Persistent Chemical Threat May Wipe Out Half the Orca Population
A new report published in the online journal Science Magazine predicts that half of the world's orca population may be wiped out over the next 30 to 50 years, due to the lingering presence in the oceans of a chemical known as PCB.
The highly toxic PCBs (polychlorinated biphenyls) were mass produced in the first half of the 20th century, used in the manufacture of plastics, paints, electrical equipment and sealants. They were banned as early as 1972 by Japan, with the US following suit in 1978 and the UK in 1981. Since 2004, following the 2001 Stockholm Convention on Persistent Organic Pollutants, more than 90 countries have agreed to phase out the manufacture and use of PCBs, according to a report in Science Daily.
The problem with PCBs is that they are very stable chemical compounds, difficult to dispose of and take many years to decompose. As a result, they linger in the environment and have been leeching – much like other chemicals such as insecticides – into the world's water supplies, where they eventually find their way into the oceans.
PCBs are highly soluble in fat, of which orcas possess plenty in the form of blubber. The PCBs are not only toxic to the animal itself, but are also passed on through the fat-rich milk produced by the mother as she nurses her calves. Furthermore, PCBs are known to have a deleterious effect on an animal's ability to reproduce.
'We know that PCBs deform the reproductive organs of animals such as polar bears,' said Professor Rune Dietz of Aarhus University, Denmark, co-author of the research paper. 'It was therefore only natural to examine the impact of PCBs on the scarce populations of killer whales around the world.' Research has shown that PCB levels of 50 milligrams per kilo of tissue may lead to infertility and immune system deficiency. Samples taken from the blubber of orcas during the recent study has recorded levels as high as 1300mg/kg.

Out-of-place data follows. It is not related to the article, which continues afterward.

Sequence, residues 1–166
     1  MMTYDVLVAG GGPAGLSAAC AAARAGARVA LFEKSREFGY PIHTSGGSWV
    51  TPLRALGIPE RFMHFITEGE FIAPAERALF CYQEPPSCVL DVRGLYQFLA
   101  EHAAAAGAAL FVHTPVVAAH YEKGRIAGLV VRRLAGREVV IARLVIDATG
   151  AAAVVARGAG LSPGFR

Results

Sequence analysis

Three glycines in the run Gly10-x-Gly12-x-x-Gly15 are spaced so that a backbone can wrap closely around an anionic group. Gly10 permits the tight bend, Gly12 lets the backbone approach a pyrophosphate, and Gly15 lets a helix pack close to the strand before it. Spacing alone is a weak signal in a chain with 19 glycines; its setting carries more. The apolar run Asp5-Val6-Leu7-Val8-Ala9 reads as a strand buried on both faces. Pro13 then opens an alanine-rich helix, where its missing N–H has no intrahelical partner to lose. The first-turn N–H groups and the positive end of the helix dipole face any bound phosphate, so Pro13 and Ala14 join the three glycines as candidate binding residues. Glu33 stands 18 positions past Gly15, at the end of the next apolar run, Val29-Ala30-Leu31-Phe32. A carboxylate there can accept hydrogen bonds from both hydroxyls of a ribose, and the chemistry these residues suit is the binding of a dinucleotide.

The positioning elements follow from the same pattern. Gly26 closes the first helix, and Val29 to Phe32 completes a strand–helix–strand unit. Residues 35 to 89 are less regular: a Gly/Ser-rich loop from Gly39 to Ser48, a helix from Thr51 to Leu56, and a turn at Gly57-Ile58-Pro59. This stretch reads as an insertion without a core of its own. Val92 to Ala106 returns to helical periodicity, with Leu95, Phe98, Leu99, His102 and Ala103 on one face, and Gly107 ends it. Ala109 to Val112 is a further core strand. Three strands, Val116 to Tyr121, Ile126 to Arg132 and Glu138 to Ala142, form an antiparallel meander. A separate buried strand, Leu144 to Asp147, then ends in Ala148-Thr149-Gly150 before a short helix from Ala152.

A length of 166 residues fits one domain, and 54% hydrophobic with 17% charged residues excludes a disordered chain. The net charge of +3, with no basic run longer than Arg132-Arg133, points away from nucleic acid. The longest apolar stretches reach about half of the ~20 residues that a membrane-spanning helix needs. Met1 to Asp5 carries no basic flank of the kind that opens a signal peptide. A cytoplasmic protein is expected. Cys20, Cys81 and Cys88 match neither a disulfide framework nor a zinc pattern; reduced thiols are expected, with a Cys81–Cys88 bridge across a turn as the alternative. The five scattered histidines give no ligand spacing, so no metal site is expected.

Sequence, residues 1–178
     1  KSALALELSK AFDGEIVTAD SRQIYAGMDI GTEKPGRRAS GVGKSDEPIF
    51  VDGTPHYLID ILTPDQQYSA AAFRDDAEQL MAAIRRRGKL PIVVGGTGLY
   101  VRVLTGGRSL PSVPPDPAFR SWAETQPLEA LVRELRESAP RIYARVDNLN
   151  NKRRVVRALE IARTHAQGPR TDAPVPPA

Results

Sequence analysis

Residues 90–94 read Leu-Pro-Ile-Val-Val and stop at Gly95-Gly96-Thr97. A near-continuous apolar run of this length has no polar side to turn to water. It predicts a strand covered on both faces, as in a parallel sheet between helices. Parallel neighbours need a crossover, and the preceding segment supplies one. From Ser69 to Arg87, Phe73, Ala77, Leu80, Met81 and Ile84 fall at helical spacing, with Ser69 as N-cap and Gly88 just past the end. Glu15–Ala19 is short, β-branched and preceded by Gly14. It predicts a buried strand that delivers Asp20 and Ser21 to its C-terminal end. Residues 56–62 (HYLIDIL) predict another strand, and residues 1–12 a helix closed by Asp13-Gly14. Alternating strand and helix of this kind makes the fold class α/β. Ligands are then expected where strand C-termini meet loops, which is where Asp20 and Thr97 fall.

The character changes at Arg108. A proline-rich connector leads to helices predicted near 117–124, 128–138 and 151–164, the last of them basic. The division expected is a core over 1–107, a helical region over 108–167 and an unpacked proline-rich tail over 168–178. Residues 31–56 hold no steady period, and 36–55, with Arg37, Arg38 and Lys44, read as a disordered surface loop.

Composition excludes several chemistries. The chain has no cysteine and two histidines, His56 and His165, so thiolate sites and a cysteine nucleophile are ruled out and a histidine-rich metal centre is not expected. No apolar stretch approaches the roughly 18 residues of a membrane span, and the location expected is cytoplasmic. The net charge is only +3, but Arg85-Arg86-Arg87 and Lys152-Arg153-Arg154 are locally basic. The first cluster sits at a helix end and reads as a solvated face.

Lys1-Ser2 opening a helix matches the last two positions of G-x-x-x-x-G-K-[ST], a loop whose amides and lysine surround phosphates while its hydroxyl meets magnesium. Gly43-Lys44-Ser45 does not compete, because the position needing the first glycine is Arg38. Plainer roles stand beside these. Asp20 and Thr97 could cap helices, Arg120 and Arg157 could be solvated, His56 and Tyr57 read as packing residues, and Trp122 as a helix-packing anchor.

The situation is reported as being worst in heavily contaminated waters surrounding the UK, Straits of Gibraltar and Brazil, according to the paper. The population of orcas around the UK is thought to be less than ten individuals, with no calves having been sighted for over 20 years. The diet of the orcas is also thought to play a part in how they are affected by PCBs. Orca populations that feed on fatty seals and large fish such as tuna appear to be in much more danger than populations that feed almost exclusively on smaller fish.
The research into the plight of orcas affected by PCBs is not new. A 2007 study by the American Chemical Society reported that orcas 'may face risks until at least 2063.' The new research has studied PCB levels in 350 individuals around the globe – the largest number of orcas ever studied – thanks to participants from the United States, Canada, England, Greenland, Iceland and Denmark.
'The findings are surprising,' said lead investigator Jean-Pierre Desforges, also from Aarhus University. 'We see that over half of the studied killer whales populations around the globe are severely affected by PCBs.' Ten out of the nineteen orca populations that were studied have been shown to be in 'rapid decline' and, in part due to the longevity of orcas (females can live for up to 70 years) and their very slow reproductive rate (one calf every five years, on average), it is thought that the species 'may disappear entirely' from some of these areas within the next few decades.
'This suggests that the efforts have not been effective enough to avoid the accumulation of PCBs in high trophic level species that live as long as the killer whale does,' said Paul Jepson of the Zoological Society of London, also a co-author of the latest paper. 'There is therefore an urgent need for further initiatives than those under the Stockholm Convention,' he said, 'but PCBs are so difficult to get rid of that we'll be dealing with the legacy for a long time.'